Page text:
Dutch police have arrested three people after a brawl broke out in a refugee centre in the city of Arnhem late Saturday, leaving four wounded.
The four people were only slightly injured, police said in a tweet early Sunday, adding calm had been restored and they were investigating.
About 15 to 20 people were involved in the fight, and their nationality was not known, the Dutch news agency ANP said.
Arnhem, in the eastern Netherlands, is just one of the places where tens of thousands of refugees are being housed as their request for asylum is processed.
The Netherlands took in a record 54,000 refugees in the first 11 months of 2015 fleeing conflicts in the Middle East and Africa, as Europe grapples with its worst refugee crisis since World War II.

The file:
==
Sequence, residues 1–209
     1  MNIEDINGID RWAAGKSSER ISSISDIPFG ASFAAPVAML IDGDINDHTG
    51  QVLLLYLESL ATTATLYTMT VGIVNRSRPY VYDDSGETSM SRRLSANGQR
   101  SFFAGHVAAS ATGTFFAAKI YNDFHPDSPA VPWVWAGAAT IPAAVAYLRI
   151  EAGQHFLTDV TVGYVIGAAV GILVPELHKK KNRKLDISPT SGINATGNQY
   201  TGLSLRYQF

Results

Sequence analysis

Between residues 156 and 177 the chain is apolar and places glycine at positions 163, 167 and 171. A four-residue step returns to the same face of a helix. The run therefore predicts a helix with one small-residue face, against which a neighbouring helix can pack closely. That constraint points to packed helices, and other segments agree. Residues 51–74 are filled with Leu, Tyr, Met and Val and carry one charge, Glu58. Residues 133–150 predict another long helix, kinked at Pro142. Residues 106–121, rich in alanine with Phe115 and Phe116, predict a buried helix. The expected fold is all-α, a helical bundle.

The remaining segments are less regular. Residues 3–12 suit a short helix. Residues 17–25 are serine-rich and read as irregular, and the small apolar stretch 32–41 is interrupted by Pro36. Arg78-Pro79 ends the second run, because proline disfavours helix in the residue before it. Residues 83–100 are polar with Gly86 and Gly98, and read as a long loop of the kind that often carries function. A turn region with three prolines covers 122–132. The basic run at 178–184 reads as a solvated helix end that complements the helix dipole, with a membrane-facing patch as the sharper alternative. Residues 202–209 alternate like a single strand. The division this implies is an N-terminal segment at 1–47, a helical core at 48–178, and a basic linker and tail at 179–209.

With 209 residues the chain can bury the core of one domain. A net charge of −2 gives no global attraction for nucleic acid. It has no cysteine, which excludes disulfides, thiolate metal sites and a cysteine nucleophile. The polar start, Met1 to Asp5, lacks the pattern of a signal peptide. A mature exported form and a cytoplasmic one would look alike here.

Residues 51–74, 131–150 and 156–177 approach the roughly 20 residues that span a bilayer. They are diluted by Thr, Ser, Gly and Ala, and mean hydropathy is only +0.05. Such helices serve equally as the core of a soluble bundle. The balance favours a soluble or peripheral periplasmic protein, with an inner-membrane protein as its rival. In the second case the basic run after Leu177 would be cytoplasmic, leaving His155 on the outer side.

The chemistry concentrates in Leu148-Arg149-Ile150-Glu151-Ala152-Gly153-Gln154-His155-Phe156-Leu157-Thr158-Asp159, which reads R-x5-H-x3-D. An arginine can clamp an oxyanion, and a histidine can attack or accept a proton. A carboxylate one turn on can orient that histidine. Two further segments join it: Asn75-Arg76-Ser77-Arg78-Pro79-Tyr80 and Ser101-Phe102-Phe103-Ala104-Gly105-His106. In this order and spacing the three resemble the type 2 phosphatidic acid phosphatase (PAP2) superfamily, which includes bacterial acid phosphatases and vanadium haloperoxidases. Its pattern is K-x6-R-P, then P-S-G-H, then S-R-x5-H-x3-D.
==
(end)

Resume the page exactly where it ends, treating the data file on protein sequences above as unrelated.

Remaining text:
But Dutch opinion has been sharply divided over how to deal with the crisis, and how to accommodate the flow of refugees.
Tensions have at times spilled over into violence in local and national debates about the issue.
Earlier this month, police fired warning shots to break up a riot in the central village of Geldermalsen, which erupted over plans to open a refugee centre for some 1,500 refugees.
In a Christmas Day message, Dutch King Willem-Alexander called on his people to stand by those in need and not to let fear about their future overwhelm them.
"Of course we want to protect what is dear to us. We can't stop or deny feelings of fear. But we mustn't hand it (fear) the reins of our life and allow it to dominate our society," the king warned.
The Dutch people "cannot crawl back into our shell" but need courage and dignity to work together "in turbulent times" and to show "solidarity with those who really need our help."